Tornado Cash co-founder seeks dismissal of US crypto-laundering charges

Roman Storm, one of the founders of Tornado Cash, a cryptocurrency blending service, aims to refute each of the three charges levied against him. These allegations include his involvement in running an illegal money laundering scheme and violating the International Emergency Economic Powers Act.

In a court filing on March 29, 2023, Mr. Storm’s lawyers stated that there is no way to conclude he was involved in laundering funds through a conspiracy.

Lawyers for the Storm entity argued that Tornado Cash had already been made public and unalterable by its creators before it was adopted by hacking groups under US sanctions by the Department of the Treasury.

Due to the circumstances, it’s claimed that Storm had limited ability to stop a designated entity from utilizing it.

According to reports, Tornado Cash is accused by prosecutors of aiding the North Korean Lazarus Group in bypassing American sanctions. This supposedly allowed the regime to fund its nuclear initiatives financially.

Additionally, the legal team contended that Tornado Cash didn’t qualify as a money-transmitting business since it didn’t levy transaction fees and gave users full authority over their digital currencies.

According to reports, Storm aimed to develop software to safeguard financial confidentiality for legitimate cryptocurrency users. The accusations against him, they argued, are fundamentally weak and unfounded.

In September 2023, Storm denied any wrongdoing regarding the accusations against him. Following his apprehension, he was granted bail in the amount of $2 million. His freedom comes with conditions, primarily limiting his travel to designated areas in New York, New Jersey, Washington, and California.

The US government continues its tough stance against cryptocurrency tumbling platforms.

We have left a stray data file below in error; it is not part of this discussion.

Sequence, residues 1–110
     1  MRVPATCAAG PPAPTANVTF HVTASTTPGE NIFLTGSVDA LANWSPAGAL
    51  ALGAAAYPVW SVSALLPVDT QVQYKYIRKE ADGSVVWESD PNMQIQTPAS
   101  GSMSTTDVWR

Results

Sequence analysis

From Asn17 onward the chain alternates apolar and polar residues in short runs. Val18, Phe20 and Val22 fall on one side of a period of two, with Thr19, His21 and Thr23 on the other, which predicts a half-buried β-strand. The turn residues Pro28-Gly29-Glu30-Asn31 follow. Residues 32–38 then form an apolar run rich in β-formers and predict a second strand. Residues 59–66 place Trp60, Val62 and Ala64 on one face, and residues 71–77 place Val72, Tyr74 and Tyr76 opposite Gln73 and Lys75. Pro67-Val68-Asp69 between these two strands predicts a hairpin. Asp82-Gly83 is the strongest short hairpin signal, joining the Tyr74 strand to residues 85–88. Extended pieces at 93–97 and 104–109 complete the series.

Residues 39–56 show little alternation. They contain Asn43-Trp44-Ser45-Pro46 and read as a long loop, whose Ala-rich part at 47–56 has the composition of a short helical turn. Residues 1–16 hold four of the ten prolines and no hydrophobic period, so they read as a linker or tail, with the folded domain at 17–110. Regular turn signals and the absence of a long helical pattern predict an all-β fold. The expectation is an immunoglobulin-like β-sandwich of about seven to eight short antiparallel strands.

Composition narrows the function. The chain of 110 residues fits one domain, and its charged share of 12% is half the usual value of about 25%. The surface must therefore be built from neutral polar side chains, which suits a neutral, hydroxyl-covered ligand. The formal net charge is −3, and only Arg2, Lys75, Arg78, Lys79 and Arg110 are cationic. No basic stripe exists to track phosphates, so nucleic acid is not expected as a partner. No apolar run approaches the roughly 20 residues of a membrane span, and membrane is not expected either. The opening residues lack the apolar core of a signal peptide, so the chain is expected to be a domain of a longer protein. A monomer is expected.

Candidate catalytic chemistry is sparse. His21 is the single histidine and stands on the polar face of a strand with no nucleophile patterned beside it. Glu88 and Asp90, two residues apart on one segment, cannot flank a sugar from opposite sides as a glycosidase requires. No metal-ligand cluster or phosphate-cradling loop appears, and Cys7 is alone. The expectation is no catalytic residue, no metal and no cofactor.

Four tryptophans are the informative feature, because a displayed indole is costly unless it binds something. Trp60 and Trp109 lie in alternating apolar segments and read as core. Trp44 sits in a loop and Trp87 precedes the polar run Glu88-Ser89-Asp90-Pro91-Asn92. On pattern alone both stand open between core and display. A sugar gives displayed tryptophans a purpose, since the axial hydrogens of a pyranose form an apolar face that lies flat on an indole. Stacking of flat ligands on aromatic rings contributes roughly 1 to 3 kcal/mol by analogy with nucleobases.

Instead, in the world of cryptocurrencies, users highly regard the use of crypto mixers due to their ability to enhance privacy and discretion for individuals engaging in confidential business deals.

At a certain stage, the Arbitrum Decentralized Autonomous Organization (DAO) suggested moving around $1.3 million worth of ARB tokens to pay for Storm’s legal expenses.

The proposition highlighted Tornado Cash as a leading privacy and security solution in the cryptosphere, empowering users with a protected method for carrying out confidential Ethereum blockchain deals.

At that point in time, the Arbitrum community declared that no individual should face unjust intrusions into their privacy, family matters, homes, or correspondence, or endure assaults on their reputation and honor. Everyone is entitled to legal defense against such invasions or defamation.

The plan has since been removed (the reasons for its removal are unclear).

In February, GoFundMe terminated a campaign on their platform seeking funds for legal fees related to the Tornado Cash case. They explained that this violationated their terms of service, which prohibit fundraisers with potential risks or legal liabilities for GoFundMe, its employees, or users. Regardless of the $30,000 raised, all contributions were returned after the campaign was closed.

The Office of Foreign Assets Control (OFAC) placed the mixer under sanctions in August 2022.

The mixing service was restricted due to its role in cleaning up over $7 billion worth of ill-gotten gains, as reported by American authorities. It’s been disclosed that this service has been utilized extensively by hackers from the North Korean cybercrime group Lazarus for money laundering purposes since its creation.

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2024-03-31 17:24